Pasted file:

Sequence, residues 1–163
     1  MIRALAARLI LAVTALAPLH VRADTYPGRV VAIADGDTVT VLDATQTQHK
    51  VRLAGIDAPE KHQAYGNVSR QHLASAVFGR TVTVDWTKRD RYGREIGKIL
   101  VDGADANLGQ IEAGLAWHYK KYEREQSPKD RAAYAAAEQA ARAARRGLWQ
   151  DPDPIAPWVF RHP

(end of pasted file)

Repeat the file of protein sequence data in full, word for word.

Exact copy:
Sequence, residues 1–163
     1  MIRALAARLI LAVTALAPLH VRADTYPGRV VAIADGDTVT VLDATQTQHK
    51  VRLAGIDAPE KHQAYGNVSR QHLASAVFGR TVTVDWTKRD RYGREIGKIL
   101  VDGADANLGQ IEAGLAWHYK KYEREQSPKD RAAYAAAEQA ARAARRGLWQ
   151  DPDPIAPWVF RHP